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New Bruce Lee Bio…

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(CNN) “Bruce Lee was training a friend one day when he did something unexpected.

But Lee ended the training session at his home on this particular day with a different type of flourish. He lit a joint and started puffing away. It came from a box of marijuana cigarettes he kept in his garage. Lee would later move on to hashish, carrying it around in little bags and nibbling on it like edibles.
“It raises the consciousness level,” Lee explained when another martial artist asked him why he got high.
That’s not the type of story one typically hears about Lee. Since he died at age 32, his legend has grown to such mythological levels that one martial artist calls him “kung fu Jesus.” A new biography, though, debunks some of the most popular myths about the man.
“Bruce Lee: A Life” by Matthew Polly is the first in-depth account of Lee’s journey from a street-brawling teenager to a global icon. The book, which comes on the 45th anniversary of Lee’s death, features interviews from everyone from his childhood classmates to friends who saw him smoke up to the woman who last saw him alive. Lee’s charisma, ambition and relentless appetite for combat leap off the pages. You can practically hear his catlike shrieks in some of the most vivid sections.
If you think you know Lee, this book may shock you.
Among its surprises:
Lee was a “kinetic genius” who could quickly master any martial arts fighting style. But he never learned to ride a bike and was declared medically unfit for the draft after failing his physical.
He has been portrayed as an impoverished immigrant who came to America to make it big, but he actually grew up in an affluent Hong Kong family with its own chauffer and two live-in maids.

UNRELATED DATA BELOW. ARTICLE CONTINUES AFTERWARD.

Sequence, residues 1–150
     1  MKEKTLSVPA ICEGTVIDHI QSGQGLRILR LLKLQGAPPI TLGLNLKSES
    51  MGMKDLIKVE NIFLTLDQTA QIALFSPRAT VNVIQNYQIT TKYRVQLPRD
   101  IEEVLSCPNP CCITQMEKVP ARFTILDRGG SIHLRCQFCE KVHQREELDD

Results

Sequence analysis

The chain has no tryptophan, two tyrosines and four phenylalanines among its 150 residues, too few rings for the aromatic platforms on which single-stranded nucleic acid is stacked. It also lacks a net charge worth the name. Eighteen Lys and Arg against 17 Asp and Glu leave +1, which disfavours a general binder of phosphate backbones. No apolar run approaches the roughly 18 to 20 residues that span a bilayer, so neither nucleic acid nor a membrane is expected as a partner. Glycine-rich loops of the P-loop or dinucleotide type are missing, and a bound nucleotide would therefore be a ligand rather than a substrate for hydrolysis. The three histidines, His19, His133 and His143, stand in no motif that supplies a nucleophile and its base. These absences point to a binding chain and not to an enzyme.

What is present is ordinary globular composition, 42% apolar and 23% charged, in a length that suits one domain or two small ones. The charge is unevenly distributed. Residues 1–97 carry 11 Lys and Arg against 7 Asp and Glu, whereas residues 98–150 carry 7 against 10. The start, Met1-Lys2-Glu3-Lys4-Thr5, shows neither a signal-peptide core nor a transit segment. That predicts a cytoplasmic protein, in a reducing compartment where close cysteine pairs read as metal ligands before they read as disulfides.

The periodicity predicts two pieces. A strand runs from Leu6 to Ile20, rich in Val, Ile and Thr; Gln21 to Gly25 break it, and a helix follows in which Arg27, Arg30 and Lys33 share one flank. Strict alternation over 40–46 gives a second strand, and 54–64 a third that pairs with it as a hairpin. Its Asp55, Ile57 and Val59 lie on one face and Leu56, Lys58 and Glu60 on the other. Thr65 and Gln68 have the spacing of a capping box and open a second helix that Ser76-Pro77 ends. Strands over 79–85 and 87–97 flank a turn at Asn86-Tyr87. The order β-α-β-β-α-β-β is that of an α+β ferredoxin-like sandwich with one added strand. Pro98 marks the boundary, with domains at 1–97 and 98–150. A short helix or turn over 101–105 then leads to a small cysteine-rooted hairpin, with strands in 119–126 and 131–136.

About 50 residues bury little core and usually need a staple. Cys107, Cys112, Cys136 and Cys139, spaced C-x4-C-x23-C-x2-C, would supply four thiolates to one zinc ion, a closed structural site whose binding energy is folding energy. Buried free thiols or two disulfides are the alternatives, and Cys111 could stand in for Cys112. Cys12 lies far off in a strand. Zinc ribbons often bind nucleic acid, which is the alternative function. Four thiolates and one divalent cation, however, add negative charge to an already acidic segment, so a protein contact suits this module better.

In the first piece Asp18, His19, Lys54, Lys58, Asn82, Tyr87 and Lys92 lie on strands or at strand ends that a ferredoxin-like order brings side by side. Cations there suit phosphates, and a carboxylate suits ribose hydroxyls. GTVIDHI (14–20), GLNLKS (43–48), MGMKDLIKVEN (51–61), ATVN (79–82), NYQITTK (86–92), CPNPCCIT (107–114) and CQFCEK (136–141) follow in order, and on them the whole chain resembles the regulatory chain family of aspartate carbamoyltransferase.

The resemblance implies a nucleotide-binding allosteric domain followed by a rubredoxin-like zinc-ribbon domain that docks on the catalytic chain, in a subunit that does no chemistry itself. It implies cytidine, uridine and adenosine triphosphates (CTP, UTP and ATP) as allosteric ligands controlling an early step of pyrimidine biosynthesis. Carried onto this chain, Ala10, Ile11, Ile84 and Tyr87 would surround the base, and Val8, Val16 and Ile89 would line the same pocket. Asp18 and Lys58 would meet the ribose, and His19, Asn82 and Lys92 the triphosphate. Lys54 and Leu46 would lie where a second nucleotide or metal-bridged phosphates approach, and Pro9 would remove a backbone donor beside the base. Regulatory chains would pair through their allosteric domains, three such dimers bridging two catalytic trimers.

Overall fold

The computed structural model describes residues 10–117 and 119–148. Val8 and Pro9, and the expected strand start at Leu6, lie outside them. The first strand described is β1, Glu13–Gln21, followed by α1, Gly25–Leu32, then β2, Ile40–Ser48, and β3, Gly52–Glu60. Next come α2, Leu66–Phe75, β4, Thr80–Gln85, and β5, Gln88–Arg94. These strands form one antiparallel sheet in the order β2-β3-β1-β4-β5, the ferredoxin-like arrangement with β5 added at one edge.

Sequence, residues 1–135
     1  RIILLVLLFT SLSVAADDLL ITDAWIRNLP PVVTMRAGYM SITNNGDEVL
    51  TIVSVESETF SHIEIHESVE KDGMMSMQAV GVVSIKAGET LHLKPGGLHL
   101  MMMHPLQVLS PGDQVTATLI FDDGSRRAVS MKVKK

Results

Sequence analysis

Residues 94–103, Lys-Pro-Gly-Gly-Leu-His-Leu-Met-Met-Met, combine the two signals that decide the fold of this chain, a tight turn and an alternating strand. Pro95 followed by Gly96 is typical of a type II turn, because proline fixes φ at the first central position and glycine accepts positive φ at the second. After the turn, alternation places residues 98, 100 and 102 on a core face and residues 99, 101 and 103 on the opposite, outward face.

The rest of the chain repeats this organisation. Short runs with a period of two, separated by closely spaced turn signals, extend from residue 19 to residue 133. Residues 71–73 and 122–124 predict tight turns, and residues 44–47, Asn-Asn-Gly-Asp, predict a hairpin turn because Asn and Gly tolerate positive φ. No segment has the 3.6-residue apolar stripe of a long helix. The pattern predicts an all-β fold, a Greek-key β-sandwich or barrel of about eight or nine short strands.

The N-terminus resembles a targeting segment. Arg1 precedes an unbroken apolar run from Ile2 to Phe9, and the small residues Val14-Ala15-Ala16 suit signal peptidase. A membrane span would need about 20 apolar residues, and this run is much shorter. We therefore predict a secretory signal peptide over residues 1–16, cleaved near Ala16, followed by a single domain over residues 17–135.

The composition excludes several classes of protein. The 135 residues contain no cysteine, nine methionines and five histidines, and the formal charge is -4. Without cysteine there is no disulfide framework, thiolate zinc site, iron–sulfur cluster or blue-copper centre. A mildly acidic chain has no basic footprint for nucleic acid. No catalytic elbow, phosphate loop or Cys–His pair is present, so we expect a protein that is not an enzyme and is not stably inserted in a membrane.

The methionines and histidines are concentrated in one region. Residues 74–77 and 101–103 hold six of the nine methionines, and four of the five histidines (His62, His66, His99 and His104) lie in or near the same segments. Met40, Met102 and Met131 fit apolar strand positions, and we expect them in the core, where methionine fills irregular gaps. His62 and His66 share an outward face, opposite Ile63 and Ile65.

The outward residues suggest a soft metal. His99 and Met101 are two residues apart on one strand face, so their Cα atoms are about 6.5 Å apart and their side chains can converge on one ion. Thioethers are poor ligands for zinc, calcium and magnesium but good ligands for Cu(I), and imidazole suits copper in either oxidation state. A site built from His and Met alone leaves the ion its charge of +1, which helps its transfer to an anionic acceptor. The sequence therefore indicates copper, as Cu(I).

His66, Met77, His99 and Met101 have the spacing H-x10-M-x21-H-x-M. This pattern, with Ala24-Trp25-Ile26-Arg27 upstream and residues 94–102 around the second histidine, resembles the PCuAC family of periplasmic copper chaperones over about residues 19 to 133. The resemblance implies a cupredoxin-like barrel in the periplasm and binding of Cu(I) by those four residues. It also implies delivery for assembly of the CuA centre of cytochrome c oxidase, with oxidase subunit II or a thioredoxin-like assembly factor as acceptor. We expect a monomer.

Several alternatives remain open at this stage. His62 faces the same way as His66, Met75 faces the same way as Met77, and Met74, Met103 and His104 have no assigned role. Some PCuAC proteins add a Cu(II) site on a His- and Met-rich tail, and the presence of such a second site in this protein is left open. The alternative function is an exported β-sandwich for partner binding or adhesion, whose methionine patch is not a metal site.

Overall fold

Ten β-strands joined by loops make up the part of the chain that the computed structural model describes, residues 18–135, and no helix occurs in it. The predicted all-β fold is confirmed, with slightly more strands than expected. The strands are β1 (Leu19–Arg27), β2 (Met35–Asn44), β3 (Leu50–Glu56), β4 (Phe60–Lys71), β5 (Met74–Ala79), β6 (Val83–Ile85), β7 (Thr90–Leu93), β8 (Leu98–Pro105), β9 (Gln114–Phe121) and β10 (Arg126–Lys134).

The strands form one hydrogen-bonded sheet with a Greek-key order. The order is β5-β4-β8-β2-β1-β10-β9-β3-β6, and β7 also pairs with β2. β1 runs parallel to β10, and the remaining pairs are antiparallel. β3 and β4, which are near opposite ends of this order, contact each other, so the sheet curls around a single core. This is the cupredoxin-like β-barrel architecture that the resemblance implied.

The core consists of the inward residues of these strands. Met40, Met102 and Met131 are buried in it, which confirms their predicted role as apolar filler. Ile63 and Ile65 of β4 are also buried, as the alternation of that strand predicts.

He is seen as a Chinese superhero with a statue in Hong Kong, but he was also part Jewish.
Polly, who interviewed at least 100 of Lee’s friends and family members, says people often forget that Lee was virtually unknown in the United States when he died. His breakthrough movie, “Enter the Dragon,” was released less than a month after his mysterious death in Hong Kong in July 1973.
Lee is the only major Western icon whose fame is entirely posthumous, says Polly, who, as a skinny, bullied kid, was inspired by Lee’s films to later move to China and study kung fu at a Shaolin temple.
Lee wasn’t just an entertainer; he was an evangelist. Millions took up martial arts because of him, Polly says.
“No other celebrity changed people’s lives in that way,” Polly says. “Nobody watched a Steve McQueen movie and took up something. People study martial arts because of Lee, and it changed their lives for the better. Bruce Lee has a place in a lot of fans’ hearts as a demigod, or what I call a patron saint of kung fu. He had a missionary effect. “

He never apologized for being Asian

He also changed the way many Westerners regarded Asians, Polly’s book shows.
Lee was the “the first Asian American actor to embody the classic Hollywood definition of a star,” Polly wrote. “Men wanted to be him and women wanted to be with him.”
Lee’s pride in his heritage was contagious.
“More than anything else, what I liked most about Bruce was that he never apologized for being Oriental,” says one of Lee’s college girlfriends, a Japanese-American, in the book. “In a time when so many Asians were trying to convince themselves they were white, Bruce was so proud to be Chinese he was busting with it.”
Asian men were not traditionally depicted as sexual beings in Western films. Even Lee had only one brief love scene in the three movies he made. Away from the screen, though, Lee was a ladies’ man.
Lee was married with two kids but was caught up in the “Swinging Sixties free love ethos” and had extramarital affairs, Polly writes. There’s one passage in the book where a former mistress of Lee’s raves about how “knowledgeable” he was about a woman’s body.
The book also offers a peek into the Hollywood culture of the late 1960s and early ’70s, with intimate accounts of Lee’s friendships with stars like McQueen and James Coburn and the writer Stirling Silliphant. There’s a wonderful scene where Lee uses a martial arts lesson with Silliphant to unlock the writer’s repressed feelings about his father.
It turns out Lee was a bit of a hippie, too. At one time, he wore his hair long, sported love beads and donned dashikis. And he got high, which surprised some of the martial artists who trained with him. One judo expert quoted in the book stopped training with Lee at his home because he was sick of all the pot smoke swirling around.
Polly says he wasn’t trying to be salacious. He wanted to show another side of Lee beyond the “patron saint of kung fu” image. He interviewed Lee’s widow and daughter for the book but hasn’t heard from them since it published last month. Neither responded to CNN’s request for comment.